Many of the stretch goals are unlocked day to day instead of relying on consumer funding or engagement, acting as natural reveals already implemented in the game rather than additions created solely to boost sales. The only stretch goals that are influenced by backers’ dollars are those that make the components higher quality. The information provided is expansive and in-depth, providing a feeling of confidence and trust. And what Kickstarter exclusive content there is are either aesthetic upgrades or better means of storing the game.
In earnest, I do feel like this is an example of a Kickstarter done right, presenting a strong product while treating buyers with respect and appreciation.
My Thoughts In a Conch Shell
“You can’t stop the waves, but you can learn to surf.” - John Kabat-Zinn
While my time with Tidal Blades was brief, it certainly left a strong impression on me. The decisions and options at play are deep and varied, offering a wide variety of avenues and options to choose from. This is only compounded by the distinct characters, each with their own options and card pools to pull from. Turns are simple, with each action being straightforward, but how you chain the turns and use your actions wisely is what makes a competitive game that, in my experience, ended in tight scoring.
The art speaks for itself, but wow, even in prototype form, this is a game to marvel and appreciate. I couldn’t help but look over the character boards in awe, sort through the various cards, and be stunned by the bright colors and distinct visuals at play. It certainly helps that there are a ton of components to show off the skill at play, but any one piece, when isolated, is stunning on its own.
There’s a ton of stuff in the box, though, and I can easily see the game’s girth teetering from astonishing to overwhelming, especially when you first set it up. Dozens of dice, tokens, and cards need to be sorted, organized into different locations, and laid out in specific manners depending on the board they are associated with. Also, with 5 boards for players to interact with, personal player boards, the character tableaus, and each person’s dice pool, this game takes an exorbitant amount of space, struggling to fit on your average table. It’s manageable, but daunting.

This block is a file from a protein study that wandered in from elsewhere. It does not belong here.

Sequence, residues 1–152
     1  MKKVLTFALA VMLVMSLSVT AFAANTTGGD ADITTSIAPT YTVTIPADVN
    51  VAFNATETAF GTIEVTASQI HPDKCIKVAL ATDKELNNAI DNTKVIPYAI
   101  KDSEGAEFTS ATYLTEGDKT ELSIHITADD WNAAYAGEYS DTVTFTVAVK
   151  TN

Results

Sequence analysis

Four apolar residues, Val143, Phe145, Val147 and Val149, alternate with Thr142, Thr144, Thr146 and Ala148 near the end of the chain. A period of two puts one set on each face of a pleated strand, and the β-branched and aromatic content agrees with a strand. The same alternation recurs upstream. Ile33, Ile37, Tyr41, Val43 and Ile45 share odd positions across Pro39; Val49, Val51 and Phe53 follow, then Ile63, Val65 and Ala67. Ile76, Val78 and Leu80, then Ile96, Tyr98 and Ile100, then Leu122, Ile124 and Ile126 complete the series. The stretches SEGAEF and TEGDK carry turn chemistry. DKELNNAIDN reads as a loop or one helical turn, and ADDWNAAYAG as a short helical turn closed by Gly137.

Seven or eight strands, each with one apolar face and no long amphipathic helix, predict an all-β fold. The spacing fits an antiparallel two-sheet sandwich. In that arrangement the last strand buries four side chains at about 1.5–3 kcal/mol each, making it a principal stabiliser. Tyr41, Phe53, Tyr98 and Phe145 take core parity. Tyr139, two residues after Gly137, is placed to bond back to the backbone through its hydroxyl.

The same could be said of your first few turns dipping your toe into this ocean of choices. It’s never so much as to leave you completely dumbfounded or caught in a nasty case of analysis paralysis, but there’s enough at play to make you at least double check your calculations before commtiting to your move.
My biggest concern is game end; while much of the build-up to the final turn is malleable and will certainly vary game-to-game, certain end-game actions seem inevitable. It feels like a no-brainer to spend all your dice fighting monsters for your last action, or at least to some extent on your last turn, since leftover dice don’t earn you any points.
Also, Tidal Waves presents a comfortable loop of gathering resources until you can complete your challenges, then get more, rinse, and repeat. While I don’t have any issue with this core loop, I can see some people growing bored with a lightly repetitive system, even if there’s a fair amount of variety within.
All in all, I had a great time with Tidal Waves and would certainly like to revisit it in the future. The systems are rich and robust, the world fleshed-out and unique, the art gorgeous and inviting, and gameplay fun and involving. I can’t ask for much else from a board game experience at the end of the day, leaving me pleasantly surprised and excited to see where the world of Tidal Blades goes next.
Full disclosure - Jack Eddy, chief editor of TCbH is a backer of Tidal Blades but did not commission this article.